But, for now, there’s no capacity limit.
On Wednesday, Polis told his advisors on the state’s emergency epidemic response committee he was looking to private venues and local communities to tighten restrictions on indoor gatherings. “We need to make indoor events safer. We can't afford super spreader events,” Polis told the group, though he did not call for statewide measures.
For months, Polis has talked about hospital capacity steering his decision-making.
The governor was asked by reporters in August if a statewide mask mandate was in the cards, with the return to school happening.
“We are not at capacity,” he said “We don't wait till we're overwhelming our hospitals. We watch the trend and we act before we overwhelm our hospitals.”
Young people make up the majority of COVID cases, but older Coloradans are more likely to be hospitalized and to die.
The fuel for the fire is still coming in large part from younger Coloradans. The bulk of the cases throughout the pandemic have been in those under 40, while the worst impacts of the virus, in hospitalizations and deaths, have been in older Coloradans.
“The Delta strain spreads through children, through schools and into families. And we are seeing that. Families are being affected now from children bringing it home,” said Dr. Eric Simoes, an infectious disease expert at Children’s Hospital Colorado, at a press conference this week.
That’s one reason why the state is pushing so hard to vaccinate kids. While younger people make up the majority of cases, most hospitalized COVID-19 patients are over 60.
State epidemiologist Dr. Rachel Herlihy said that’s in part because of signs the original vaccines are wearing off, especially in older adults. And she said that highlights the value of boosters in “really bringing those immunity levels back up and protecting our most vulnerable individuals.”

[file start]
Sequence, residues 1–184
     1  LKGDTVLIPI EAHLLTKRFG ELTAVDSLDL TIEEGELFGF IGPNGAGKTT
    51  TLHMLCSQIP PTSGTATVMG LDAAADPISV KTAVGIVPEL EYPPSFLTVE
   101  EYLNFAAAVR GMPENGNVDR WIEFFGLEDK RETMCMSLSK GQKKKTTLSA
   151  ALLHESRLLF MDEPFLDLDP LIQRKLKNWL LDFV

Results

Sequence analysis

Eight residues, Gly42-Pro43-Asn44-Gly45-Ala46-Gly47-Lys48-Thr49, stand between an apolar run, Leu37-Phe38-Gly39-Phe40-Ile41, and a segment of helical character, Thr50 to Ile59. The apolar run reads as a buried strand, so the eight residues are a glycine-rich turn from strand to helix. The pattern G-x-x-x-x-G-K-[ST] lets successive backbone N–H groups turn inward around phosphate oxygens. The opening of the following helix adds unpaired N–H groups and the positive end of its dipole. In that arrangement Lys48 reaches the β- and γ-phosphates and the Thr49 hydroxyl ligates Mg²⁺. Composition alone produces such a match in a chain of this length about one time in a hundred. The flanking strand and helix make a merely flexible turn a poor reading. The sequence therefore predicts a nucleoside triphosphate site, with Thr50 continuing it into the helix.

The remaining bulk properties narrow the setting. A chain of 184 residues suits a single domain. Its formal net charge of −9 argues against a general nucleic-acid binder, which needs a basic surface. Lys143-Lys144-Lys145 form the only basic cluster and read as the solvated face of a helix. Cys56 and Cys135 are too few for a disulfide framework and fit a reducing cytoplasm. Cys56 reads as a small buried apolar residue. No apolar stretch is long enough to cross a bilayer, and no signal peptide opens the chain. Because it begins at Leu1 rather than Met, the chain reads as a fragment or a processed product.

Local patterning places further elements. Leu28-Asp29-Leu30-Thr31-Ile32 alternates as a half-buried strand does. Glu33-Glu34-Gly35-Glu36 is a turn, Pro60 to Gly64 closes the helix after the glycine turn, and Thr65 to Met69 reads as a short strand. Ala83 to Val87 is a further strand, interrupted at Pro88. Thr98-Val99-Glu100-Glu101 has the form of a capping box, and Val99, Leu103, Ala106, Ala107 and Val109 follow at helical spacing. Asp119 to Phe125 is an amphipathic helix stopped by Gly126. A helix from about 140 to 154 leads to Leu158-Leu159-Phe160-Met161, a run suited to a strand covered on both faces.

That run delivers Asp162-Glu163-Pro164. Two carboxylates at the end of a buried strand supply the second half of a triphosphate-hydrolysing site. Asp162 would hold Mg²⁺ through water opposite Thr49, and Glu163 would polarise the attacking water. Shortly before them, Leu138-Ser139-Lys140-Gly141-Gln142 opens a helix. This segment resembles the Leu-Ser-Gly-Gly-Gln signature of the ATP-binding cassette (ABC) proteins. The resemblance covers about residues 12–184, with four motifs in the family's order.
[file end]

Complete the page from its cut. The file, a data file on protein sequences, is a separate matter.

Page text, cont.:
Still, despite the state aiming to get more vaccination, and now booster shots in arms, the numbers of unvaccinated are still too high to bring Colorado’s pandemic curve under control.
“It's gotta be these pockets of unvaccinated individuals interacting and allowing the virus to still spread. That would be my best guess,” said Jude Bayham, an assistant professor at Colorado State University with the state’s COVID-19 modeling team.
His work spotlights that people are socializing more. It's showing up in the data.
“Since about early September, we've essentially been back to pre-pandemic levels of mobility,” he said.
The vaccination rate is different county-to-county.
The surge has hit counties with lower vaccination rates hard, causing more hospitalizations per capita than those with higher rates.
Polis said counties, like Eagle, Boulder and Broomfield, with vaccination rates into 80 percent and above, are faring better.
“You get around 80, it really shows there’s an inception point. When you get to about 80 percent per protected, there is a significant herd immunity impact, and your hospitalizations go down several times,” he said.